Exit Interview: Forward’s Jennifer Uphoff Gray Looks Back on Her Company’s Season

Exit Interview: Forward’s Jennifer Uphoff Gray Looks Back on Her Company’s Season

Pro sports teams do it, just like many theater companies do: At the end of a season, they sit down and talk to their players/actors to debrief, take a pulse and gauge where they are and where they’re going. Now that Forward Theater’s 2013–14 season is in the rear-view mirror, we chatted with artistic director Jennifer Uphoff Gray to get her thoughts on what worked, what she learned and what, if anything, she’d do differently given a time machine and a stack of Stage Write posts.

The Season: Forward kicked off with starring American Players Theater star Marcus Truschinski as the oldest brother in a family trying to keep it together in the face of mounting crises. the middle piece, featured a tour-de-force performance by Jim DeVita (another APT vet) as the artist Mark Rothko. The season wrapped up with the hilarious a Restoration-era farce that played out like a character smorgasbord for  the cast’s three role-swapping actors, Colleen Madden (yet another APT vet) and Milwaukee Rep regulars Norman Moses and Amy J. Carle.  

What Went Well: Not surprisingly, Gray’s proud of the work her company accomplished on stage, but the place she really feels the company hit its stride was with outreach and complementary programming—i.e. working with other local nonprofits to reach out to the community and bring new people into the theater.

“We finally had the staff to be able to do it,” she says.

We’re not just talking about cast talk-backs after the shows. Each show had affiliated programming associated with it, whether it was Poetry at the Playhouse, a collaborative project with the online magazine Verse Wisconsin tied to Sons of the Prophet, or the Red-based partnership with the Chazen Museum of Art that brought in Penn State professor Sarah K. Rich, an expert on Mark Rothko, to talk about the artist’s impact. That event drew more than three hundred people, forcing a venue change to accommodate them all.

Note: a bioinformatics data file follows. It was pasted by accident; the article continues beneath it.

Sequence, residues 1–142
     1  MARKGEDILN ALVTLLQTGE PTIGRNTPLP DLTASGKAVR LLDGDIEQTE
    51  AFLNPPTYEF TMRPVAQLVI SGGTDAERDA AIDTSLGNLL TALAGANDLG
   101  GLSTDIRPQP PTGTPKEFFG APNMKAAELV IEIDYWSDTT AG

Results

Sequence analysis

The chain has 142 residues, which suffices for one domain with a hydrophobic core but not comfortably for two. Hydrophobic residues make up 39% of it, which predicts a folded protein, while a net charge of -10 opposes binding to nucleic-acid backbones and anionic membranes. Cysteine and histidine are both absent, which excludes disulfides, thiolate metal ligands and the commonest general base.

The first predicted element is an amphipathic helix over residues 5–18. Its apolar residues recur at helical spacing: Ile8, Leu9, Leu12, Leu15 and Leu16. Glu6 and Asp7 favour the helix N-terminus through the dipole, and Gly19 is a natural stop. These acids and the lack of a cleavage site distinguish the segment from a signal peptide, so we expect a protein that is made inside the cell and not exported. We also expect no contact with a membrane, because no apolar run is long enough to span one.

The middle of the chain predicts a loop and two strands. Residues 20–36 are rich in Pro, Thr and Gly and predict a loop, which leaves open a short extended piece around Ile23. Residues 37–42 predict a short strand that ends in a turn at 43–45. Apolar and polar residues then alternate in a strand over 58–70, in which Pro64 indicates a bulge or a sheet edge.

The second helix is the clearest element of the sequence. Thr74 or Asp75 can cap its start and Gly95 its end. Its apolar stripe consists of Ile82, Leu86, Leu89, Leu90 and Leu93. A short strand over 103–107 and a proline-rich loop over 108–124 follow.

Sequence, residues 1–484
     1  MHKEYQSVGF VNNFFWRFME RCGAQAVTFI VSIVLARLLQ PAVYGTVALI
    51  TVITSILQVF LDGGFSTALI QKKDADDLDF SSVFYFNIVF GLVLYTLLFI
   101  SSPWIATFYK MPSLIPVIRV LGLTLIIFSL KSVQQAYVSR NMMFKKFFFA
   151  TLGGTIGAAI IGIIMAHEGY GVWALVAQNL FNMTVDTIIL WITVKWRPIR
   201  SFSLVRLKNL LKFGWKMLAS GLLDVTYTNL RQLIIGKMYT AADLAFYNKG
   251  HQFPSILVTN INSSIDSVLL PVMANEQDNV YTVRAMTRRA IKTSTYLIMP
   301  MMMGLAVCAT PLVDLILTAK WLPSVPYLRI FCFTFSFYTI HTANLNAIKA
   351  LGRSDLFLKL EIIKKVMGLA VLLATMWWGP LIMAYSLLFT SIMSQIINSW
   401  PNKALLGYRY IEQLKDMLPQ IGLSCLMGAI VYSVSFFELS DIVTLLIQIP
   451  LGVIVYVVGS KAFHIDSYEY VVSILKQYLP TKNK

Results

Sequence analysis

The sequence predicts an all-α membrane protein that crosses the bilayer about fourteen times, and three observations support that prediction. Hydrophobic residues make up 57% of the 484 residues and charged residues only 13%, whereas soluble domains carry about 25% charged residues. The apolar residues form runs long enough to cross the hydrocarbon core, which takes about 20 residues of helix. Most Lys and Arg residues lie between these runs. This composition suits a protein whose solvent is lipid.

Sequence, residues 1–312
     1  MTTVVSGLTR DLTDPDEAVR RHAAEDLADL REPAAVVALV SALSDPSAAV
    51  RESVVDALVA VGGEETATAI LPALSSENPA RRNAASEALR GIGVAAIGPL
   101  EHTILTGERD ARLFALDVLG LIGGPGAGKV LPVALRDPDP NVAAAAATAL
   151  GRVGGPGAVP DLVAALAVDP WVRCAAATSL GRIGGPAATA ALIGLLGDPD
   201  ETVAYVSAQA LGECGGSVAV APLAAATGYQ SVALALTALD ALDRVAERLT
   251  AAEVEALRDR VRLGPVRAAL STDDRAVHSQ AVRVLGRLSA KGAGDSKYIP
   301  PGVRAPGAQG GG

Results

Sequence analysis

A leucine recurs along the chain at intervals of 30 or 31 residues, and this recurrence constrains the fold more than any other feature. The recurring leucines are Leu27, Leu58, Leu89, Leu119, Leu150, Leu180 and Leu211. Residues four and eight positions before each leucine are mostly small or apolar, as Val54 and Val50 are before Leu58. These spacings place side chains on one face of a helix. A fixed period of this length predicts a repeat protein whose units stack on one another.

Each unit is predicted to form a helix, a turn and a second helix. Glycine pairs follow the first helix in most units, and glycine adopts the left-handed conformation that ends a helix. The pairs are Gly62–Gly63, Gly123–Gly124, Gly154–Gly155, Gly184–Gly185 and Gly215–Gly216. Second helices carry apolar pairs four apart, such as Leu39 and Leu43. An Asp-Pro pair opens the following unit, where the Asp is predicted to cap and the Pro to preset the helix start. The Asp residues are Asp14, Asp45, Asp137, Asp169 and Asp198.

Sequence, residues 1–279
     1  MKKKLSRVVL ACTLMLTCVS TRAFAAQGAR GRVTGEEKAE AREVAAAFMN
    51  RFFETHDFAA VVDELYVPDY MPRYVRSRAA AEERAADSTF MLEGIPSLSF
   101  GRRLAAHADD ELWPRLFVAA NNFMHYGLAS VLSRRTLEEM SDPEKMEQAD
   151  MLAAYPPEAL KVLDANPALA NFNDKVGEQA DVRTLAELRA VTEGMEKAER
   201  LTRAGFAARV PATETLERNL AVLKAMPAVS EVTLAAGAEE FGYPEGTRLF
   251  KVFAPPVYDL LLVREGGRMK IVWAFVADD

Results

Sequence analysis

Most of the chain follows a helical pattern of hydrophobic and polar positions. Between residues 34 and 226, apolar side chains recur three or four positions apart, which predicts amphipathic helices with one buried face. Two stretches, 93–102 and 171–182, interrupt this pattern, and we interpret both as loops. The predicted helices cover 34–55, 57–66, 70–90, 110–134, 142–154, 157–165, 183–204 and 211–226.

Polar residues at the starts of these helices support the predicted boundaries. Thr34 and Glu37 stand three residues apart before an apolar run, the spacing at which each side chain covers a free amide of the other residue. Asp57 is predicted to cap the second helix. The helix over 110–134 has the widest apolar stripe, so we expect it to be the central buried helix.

What Did You Learn? Gray hardly skips a beat before answering this one: “The biggest thing we learned is how dramatically the arts media landscape has changed.”

She’s referring to the fact that many local print media have slashed their coverage of local theater to bite-sized reviews—or eliminated it entirely. “We used to be able to coast on advance/preview coverage,” she says. “That just isn’t there anymore.”

While Forward’s in the enviable position of getting sixty percent of their ticket sales from season subscribers, Gray’s keenly aware that they still need to sell a lot to single-ticket buyers to remain financially healthy. And it’s a lot harder to do that if people don’t know about your show.

“We’re really brainstorming,” she says. “What do we have to do differently to get in front of single-ticket buyers?”

Gimme a Do-Over The lesson Forward learned is directly tied to what Gray would most like to have a chance to re-do. As Son of the Prophets progressed through its run last November, it was hard not to notice that, while the third and fourth weekend shows were packed, the opening weekend shows were not.  

“We went into Sons excited about how good the play was,” Gray says. “And then we were like, ‘Oh, wait, we’re not sold through for opening night.'”

Good word of mouth for the show, which received plenty of  positive reviews, obviously helped. But Gray knows that Forward can’t count on that always being the case, especially for shows lacking instant name recognition.

“We don’t want to get ourselves in a place where we can only do big-name plays by big-name playwrights,” says Gray. “Those works are important, yes, but we also want to be able to explore other things.”